I basically called my mom for help. Except when I say mom, I mean an esthetician.
A few months ago, I was hanging out with my friend Colleen while she was eating some Müller FrütUp yogurt, because we are party animals. As she was finishing up, an emboldened line at the end of the ingredients caught her eye.
CONTAINS: MILK, WHEAT, TILAPIA.
Had she not already swallowed the last spoonful, I would've witnessed the world's first yogurt spit take.
"There's fish in this yogurt?!" Colleen exclaimed.
I took to Google immediately, of course, to find out why tilapia--aka the only fish my father finds palatable--was in my dear friend's fermented dairy treat.
Müller itself answers that very question on their FAQ page: "We use kosher gelatin from tilapia to maintain the light and airy texture of the fruit mousse."
I've had plenty of moments similar to that while reading the ingredients in beauty products. The first time I saw things like placenta, cholesterol and urea, I definitely did a double take (the spit take's less messy cousin).
It hadn't happened in a while, until a new Rodial product landed on my desk.
If you have a decent internet connection that allowed for the above photo to load, you can see that it's called Dragon's Blood Hyaluronic Night Cream.
Needless to say, I was all like, "Hyaluronic acid? WTF is that?" JK, y'all, I've been a beauty editor for years. But I somehow managed to have never heard of dragon's blood.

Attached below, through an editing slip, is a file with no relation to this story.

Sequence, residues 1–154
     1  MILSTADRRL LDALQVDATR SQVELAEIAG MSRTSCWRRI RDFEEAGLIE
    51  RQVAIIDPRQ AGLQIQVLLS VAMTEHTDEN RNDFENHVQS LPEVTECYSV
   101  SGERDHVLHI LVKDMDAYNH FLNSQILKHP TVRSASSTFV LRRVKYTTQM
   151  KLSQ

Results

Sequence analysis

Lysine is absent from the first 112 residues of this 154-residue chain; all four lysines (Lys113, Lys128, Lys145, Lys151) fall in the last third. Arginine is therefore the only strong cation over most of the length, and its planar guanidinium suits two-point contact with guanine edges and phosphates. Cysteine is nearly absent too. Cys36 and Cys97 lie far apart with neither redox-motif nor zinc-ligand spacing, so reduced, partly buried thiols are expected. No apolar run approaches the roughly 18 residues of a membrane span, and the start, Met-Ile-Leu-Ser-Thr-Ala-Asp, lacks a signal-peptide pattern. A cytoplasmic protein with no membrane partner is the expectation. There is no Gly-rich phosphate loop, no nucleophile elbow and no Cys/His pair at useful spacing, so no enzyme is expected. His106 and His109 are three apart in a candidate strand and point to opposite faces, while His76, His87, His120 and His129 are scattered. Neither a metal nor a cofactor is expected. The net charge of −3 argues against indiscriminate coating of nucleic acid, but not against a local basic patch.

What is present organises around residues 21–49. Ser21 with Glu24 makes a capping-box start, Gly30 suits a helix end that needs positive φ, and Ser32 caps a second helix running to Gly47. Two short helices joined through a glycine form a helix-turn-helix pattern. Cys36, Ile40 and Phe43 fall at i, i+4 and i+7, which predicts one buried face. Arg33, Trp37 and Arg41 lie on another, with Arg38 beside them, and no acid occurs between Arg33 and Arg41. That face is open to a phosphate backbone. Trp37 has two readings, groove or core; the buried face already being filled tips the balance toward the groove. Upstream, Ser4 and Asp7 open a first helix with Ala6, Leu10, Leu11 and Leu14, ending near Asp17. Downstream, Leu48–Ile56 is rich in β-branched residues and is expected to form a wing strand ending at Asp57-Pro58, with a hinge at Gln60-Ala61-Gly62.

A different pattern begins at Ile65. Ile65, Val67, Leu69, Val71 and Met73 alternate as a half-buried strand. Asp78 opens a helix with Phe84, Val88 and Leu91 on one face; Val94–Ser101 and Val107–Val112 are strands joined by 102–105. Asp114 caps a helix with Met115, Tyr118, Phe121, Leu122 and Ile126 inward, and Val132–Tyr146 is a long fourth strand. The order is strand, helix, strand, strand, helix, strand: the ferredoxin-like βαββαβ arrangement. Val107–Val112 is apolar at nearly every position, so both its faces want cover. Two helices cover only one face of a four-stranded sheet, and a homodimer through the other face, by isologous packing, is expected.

Being semi-logical, I didn't think the cream contained actual blood from an actual dragon, mostly because an "actual dragon" is not a thing. I figured the name of the ingredient was something along the lines of horsetail, which isn't even remotely the tail of a horse but, instead, a plant.
Turns out dragon's blood is a bright red resin from a South American tree. A lot of medieval folks believed it was real blood from dragons who had died in combat. Some slightly more intelligent but still incorrect medieval folks thought it came from the actually-existent elephants who had a similar fate. But it's totally from a tree.
In the context of skincare, it has a soothing, protective, anti-inflammatory effect on skin, which is great to have a formula like this because it contains retinol, which can be irritating.
Used every night, Dragon's Blood Hyaluronic Night Cream helps smooth, moisturize and brighten your complexion. Yeah, it does it with scientifically supported ingredients, but it seems a little magical with a name like that.
So, today's Quick Question: What's the weirdest ingredient you've ever noticed in a beauty product? What made you do a fish-yogurt spit take?